For this artisanal version, the chestnuts are hand-picked throughout October and then stored in sacks. At the end of the day they lay them on a huge “griddle” in a roofed outhouse to dry out. Under the griddle they light a fire. This fire is the goldilocks of chestnut flour production – too large and it will burn the chestnuts, too small and the embers will die out over night…it has to be just right. Each morning they add more wood, only from chestnut trees – any other would give a bitter flavour to the flour. This keeps the fire going until all the chestnuts are dried, approximately three weeks from the last crop, just into the middle of November.
Two weeks before the last crop is harvested, they mix the chestnuts so that they can all be dried. After the three weeks of drying they ‘beat’ the chestnuts with a machine. This splits the chestnuts from their skin.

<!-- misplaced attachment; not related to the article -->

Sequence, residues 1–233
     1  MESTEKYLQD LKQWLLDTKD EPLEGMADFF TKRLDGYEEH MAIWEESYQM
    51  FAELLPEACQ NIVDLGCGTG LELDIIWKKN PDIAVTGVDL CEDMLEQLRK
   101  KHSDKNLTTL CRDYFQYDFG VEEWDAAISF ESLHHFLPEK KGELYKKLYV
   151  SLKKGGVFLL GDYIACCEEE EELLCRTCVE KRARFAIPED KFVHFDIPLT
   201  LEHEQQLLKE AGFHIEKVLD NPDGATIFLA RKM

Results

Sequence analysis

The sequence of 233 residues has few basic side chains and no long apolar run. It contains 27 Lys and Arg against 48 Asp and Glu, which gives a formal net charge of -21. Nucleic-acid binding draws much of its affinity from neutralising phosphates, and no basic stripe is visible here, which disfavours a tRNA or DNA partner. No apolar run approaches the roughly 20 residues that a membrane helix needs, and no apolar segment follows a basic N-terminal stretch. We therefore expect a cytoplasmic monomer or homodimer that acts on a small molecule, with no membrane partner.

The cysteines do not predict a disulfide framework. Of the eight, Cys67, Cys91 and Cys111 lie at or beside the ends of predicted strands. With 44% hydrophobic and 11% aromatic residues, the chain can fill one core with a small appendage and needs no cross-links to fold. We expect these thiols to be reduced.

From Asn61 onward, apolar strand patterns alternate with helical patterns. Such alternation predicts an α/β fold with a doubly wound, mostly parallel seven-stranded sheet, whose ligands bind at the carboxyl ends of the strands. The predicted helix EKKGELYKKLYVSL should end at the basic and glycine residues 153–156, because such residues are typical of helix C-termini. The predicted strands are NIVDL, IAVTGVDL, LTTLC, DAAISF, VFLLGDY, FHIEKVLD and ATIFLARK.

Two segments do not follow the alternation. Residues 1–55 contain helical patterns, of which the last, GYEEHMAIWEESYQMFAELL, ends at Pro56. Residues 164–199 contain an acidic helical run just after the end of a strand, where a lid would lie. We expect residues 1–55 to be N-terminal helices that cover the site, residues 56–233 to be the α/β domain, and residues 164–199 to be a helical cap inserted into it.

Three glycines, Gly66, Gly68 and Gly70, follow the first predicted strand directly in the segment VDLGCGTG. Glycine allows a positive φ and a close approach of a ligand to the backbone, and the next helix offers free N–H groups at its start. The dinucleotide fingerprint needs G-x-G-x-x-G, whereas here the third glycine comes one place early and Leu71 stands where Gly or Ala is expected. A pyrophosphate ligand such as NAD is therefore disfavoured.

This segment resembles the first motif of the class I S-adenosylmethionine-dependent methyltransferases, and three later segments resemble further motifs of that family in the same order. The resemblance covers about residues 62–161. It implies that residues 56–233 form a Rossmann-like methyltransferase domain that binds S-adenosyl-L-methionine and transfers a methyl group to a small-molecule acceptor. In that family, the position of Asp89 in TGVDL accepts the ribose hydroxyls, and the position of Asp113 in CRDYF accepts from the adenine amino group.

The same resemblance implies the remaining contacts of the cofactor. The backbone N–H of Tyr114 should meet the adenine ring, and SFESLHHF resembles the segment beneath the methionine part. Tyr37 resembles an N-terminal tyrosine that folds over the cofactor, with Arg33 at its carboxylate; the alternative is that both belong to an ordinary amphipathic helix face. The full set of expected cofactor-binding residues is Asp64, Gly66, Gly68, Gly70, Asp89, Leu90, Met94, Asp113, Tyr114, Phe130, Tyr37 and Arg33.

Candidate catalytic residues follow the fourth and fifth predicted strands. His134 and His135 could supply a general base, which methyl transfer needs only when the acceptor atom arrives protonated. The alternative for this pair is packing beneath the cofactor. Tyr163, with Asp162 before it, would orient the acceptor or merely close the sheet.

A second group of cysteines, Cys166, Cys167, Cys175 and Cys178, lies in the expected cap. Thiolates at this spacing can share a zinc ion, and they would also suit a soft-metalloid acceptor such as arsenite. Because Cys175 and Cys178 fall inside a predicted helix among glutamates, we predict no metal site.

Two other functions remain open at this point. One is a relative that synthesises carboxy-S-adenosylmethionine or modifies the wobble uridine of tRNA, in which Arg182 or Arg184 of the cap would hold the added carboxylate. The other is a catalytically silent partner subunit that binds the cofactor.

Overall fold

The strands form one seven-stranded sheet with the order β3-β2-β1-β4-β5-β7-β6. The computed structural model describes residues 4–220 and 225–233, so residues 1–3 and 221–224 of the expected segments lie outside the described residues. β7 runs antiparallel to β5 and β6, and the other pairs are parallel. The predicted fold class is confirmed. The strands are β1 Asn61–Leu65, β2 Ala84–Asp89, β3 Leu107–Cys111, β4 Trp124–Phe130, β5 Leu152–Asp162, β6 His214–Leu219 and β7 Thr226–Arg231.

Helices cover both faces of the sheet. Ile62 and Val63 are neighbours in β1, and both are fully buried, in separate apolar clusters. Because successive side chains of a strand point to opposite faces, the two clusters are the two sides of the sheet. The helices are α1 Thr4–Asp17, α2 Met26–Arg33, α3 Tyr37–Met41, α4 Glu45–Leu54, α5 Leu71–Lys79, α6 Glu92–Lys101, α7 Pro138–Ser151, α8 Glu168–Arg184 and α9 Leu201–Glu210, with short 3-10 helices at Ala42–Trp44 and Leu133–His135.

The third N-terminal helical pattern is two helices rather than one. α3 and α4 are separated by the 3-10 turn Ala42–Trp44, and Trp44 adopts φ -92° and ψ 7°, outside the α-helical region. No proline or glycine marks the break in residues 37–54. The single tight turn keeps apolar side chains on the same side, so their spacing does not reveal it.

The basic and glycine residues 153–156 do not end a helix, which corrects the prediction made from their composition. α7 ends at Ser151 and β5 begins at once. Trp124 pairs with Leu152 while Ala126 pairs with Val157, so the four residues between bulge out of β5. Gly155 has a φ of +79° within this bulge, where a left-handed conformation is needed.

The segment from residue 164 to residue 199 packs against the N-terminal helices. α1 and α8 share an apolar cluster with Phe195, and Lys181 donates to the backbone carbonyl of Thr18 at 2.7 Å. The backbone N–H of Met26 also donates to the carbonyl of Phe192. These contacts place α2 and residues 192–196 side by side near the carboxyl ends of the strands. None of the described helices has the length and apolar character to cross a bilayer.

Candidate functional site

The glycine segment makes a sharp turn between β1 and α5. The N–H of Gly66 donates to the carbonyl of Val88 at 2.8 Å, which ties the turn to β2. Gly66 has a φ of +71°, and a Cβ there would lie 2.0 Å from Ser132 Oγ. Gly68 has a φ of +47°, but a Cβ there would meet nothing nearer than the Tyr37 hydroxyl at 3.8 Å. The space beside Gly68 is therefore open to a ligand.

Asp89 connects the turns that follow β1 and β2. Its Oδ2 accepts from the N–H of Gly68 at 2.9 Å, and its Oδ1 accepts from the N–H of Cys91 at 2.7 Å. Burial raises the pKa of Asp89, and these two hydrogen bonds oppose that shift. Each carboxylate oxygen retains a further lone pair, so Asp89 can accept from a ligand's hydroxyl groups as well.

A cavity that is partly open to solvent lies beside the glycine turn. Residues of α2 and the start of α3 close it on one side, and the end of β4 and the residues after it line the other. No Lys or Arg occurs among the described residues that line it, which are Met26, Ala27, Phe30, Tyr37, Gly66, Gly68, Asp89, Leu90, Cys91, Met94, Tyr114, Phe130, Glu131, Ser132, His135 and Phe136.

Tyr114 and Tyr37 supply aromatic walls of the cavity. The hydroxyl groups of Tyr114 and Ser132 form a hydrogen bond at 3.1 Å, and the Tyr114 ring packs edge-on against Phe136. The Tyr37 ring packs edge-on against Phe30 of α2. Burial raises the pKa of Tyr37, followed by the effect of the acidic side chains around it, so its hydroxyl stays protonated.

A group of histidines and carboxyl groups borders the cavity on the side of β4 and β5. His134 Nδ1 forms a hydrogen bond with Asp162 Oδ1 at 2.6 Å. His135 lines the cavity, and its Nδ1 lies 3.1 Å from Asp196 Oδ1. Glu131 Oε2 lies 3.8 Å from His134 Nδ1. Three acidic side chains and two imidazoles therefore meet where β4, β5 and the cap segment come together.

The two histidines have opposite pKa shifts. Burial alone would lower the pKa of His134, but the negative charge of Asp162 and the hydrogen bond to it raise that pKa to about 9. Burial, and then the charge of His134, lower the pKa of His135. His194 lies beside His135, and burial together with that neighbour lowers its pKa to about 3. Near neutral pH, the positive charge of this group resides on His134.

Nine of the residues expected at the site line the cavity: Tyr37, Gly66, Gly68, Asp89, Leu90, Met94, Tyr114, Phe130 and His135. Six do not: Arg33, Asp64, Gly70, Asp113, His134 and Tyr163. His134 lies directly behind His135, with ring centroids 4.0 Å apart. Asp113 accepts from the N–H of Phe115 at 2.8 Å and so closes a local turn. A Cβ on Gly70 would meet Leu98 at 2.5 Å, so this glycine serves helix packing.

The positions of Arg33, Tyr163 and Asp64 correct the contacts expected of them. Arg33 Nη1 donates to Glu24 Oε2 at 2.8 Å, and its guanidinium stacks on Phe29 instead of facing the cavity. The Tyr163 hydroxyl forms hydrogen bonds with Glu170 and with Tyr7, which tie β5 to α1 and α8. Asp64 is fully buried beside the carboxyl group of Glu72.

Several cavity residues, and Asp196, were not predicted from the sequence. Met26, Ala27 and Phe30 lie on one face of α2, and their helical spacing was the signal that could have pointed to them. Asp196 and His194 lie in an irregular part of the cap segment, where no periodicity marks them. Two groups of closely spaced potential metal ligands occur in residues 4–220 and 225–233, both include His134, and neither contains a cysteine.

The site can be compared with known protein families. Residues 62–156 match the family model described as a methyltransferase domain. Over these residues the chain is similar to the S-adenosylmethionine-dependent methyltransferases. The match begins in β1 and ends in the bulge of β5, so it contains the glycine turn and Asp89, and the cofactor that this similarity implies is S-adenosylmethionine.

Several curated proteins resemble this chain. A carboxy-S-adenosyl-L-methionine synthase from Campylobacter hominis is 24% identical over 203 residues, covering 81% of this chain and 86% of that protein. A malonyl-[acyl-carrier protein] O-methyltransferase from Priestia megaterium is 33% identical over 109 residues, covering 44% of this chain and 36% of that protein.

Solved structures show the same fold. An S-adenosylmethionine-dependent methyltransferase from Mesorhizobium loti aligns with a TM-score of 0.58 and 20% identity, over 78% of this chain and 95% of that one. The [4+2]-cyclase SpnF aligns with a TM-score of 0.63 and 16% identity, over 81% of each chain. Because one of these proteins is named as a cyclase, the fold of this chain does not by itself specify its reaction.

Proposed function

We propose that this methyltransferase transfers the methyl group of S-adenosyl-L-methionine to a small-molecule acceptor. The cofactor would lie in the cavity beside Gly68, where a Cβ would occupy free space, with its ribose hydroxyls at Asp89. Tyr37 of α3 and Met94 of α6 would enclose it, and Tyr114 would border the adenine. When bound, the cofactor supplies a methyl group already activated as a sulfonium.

At this stage, the chestnuts are hand-picked to discard any that still have some skin or are less than perfect. Not the most fun job, but it ensures the final product is perfectly sweet and superb quality.
Finally, the beaten chestnuts are taken to the mill to be ground to produce this fantastic product.
It can be frozen up to a year, paying attention to keep it far from food that could pass the smell. It doesn’t freeze solid.
Finely grate the Caciotta using a Microplane or box grater into a bowl, season with a little freshly ground pepper and a small pinch of nutmeg if you wish. You should be able to clump the mixture together.
Lightly wet the pasta sheets so that they will later stick. Cut the pasta sheets in 4cm squares and fill each square with a small amount of Caciotta – about a pea sized ball. Fold over into a triangle, squeezing out all the air around the filling. Pinch the two side corners and join together (to make a little hat). Leave in the fridge.